In the deadlock, Emmanuel Macron puts his opponents face to face with their responsibilities

Gravity was in order. But not self-flagellation. Emmanuel Macron spoke this Wednesday evening at 8 p.m. after the slap in the legislative elections on Sunday. His camp not having obtained an absolute majority and no other party agreeing to create a binding alliance with him, he finds himself unable to govern in a sustainable manner, except by finding allies on a case-by-case basis. case, bill by bill, which is very unusual in France. The Head of State spoke before a series of international commitments, including the European Council this Thursday in Brussels where he will appear weakened.

The speech this Wednesday evening was short and firm. “I cannot ignore the strong abstention”, began the president before speaking of “collective responsibility” and numerous “fractures” in the country. From now on, “no political force can make the laws alone”, he noted. He then made a point of listing the options for ending the crisis, according to him: “widening the majority”, finding a “coalition contract” or being satisfied with a “text-by-text majority”. He noted that it was now necessary to “govern and legislate differently”, “in dialogue, listening, respect”. He ruled out the idea of ​​a government of national unity mentioned by some of his interlocutors since Tuesday evening.

The president’s hopes are therefore directed towards “a larger and clearer majority to act”, inspired by his dear “political overcoming”, all for the sake of “coherence of the presidential project” voted in April, according to him. He also held his opponents accountable, saying it was now up to the political groups to make it clear how much they wanted to engage in this process. A way of preparing for the moment when they will have to be blamed for more drastic decisions, such as a dissolution of the National Assembly?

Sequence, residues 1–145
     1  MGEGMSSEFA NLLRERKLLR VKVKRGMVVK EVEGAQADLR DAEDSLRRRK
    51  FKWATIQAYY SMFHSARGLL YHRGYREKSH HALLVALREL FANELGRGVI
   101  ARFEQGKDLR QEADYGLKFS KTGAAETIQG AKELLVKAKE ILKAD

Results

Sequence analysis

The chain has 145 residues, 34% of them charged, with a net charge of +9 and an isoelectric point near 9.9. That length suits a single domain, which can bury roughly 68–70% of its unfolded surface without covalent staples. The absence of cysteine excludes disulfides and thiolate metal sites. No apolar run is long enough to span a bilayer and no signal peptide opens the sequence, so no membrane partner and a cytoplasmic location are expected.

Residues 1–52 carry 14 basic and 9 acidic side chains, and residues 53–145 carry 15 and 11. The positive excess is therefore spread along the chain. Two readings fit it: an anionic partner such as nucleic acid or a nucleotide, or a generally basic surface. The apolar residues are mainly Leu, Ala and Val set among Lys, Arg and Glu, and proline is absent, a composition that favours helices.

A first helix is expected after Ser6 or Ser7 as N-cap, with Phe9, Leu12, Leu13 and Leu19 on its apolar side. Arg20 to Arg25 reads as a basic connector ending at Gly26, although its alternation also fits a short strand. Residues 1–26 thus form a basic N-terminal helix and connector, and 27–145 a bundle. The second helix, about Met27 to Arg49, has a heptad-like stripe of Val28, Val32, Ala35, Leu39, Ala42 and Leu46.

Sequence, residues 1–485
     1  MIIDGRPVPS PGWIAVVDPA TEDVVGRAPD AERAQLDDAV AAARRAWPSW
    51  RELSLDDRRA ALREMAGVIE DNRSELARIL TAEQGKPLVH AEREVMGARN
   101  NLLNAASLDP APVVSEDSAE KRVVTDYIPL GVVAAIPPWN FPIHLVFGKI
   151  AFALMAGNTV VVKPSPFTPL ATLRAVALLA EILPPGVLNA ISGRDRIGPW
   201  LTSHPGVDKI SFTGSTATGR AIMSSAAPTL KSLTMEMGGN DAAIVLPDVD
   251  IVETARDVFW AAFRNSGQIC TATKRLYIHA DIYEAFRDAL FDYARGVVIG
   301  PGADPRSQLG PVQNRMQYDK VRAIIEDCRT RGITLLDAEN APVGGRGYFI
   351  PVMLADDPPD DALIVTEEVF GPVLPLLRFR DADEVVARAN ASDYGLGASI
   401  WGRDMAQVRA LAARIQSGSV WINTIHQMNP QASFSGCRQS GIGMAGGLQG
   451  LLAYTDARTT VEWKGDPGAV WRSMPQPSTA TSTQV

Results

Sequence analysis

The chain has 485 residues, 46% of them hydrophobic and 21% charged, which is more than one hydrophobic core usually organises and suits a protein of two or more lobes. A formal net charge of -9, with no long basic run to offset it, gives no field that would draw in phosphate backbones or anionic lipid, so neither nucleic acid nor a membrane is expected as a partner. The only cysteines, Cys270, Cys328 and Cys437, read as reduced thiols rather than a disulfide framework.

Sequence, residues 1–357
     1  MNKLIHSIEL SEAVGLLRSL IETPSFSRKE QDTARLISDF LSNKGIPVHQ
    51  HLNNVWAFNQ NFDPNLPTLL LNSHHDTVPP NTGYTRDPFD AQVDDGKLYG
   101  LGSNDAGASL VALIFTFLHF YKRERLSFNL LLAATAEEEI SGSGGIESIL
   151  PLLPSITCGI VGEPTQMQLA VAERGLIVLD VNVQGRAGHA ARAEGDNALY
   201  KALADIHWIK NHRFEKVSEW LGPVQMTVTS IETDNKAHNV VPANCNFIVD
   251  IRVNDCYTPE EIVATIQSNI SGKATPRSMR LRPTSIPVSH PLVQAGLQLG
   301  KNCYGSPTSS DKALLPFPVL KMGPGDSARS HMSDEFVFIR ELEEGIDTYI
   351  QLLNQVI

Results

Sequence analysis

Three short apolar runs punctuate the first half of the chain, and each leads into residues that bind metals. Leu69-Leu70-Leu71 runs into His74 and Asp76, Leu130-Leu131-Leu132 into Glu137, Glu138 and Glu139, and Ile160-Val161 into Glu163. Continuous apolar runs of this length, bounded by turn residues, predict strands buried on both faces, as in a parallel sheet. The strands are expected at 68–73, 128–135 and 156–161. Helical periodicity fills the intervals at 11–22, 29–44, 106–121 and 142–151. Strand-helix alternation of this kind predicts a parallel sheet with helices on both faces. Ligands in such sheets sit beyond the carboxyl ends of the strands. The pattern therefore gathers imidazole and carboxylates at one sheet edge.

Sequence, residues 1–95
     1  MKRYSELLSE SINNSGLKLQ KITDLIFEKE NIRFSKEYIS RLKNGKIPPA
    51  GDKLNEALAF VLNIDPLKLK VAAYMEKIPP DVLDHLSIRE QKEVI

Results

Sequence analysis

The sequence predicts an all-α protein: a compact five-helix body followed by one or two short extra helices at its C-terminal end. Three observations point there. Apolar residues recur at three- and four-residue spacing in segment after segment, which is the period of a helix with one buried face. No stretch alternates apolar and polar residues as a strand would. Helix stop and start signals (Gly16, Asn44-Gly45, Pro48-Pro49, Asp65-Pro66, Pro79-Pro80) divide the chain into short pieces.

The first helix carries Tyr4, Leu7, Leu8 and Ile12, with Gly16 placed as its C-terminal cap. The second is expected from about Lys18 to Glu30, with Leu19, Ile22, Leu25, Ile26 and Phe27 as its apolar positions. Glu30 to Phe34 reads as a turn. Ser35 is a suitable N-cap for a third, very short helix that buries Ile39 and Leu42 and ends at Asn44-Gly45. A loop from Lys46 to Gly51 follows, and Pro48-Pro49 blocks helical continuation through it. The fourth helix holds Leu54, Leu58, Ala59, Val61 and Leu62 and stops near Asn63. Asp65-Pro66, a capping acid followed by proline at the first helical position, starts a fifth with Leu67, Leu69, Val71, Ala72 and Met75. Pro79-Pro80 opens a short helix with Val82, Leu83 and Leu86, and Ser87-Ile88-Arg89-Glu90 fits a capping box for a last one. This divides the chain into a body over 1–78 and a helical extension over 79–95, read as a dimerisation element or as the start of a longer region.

Tour de table of political forces

The head of state spoke for the first time since the political crisis opened on Sunday. He decided to address the French after having completed his tour de table of political forces during the day, in search of a consensus. Emmanuel Macron received this Wednesday the national secretary of environmentalists, Julien Bayou, the deputy of La France Insoumise (LFI) Adrien Quatennens and his former prime minister, Edouard Philippe, boss of the Horizons party. These interviews followed those of Tuesday with the boss of the Republicans (LR) Christian Jacob, that of the PS, Olivier Faure, that of the communists, Fabien Roussel, as well as François Bayrou (MoDem) and Marine Le Pen.

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Following these discussions, Fabien Roussel had let it be known that the president was considering the constitution of a “government of national unity”. The president therefore dismissed this track on Wednesday evening. A track that the Head of State would also have mentioned to Marine Le Pen, who felt that “the situation” did not justify such a scenario. His supporters, on the other hand, spent their first day in the Assembly to ensure that they would be serious and constructive when the proposals would go in the direction of the “interests” of the French. A porosity between the center and the far right which did not fail to create controversy after months of appeal to the “republican front” against the RN.

On Tuesday, Emmanuel Macron had also refused the resignation of his Prime Minister, Elisabeth Borne, so that “the government could remain on task”. This did not prevent François Bayrou, an ally of the president, from suggesting that the head of government should be changed: “The times demand that the Prime Minister or the Prime Minister be political, [pour] that we do not have the feeling that it is technology that governs the country.”

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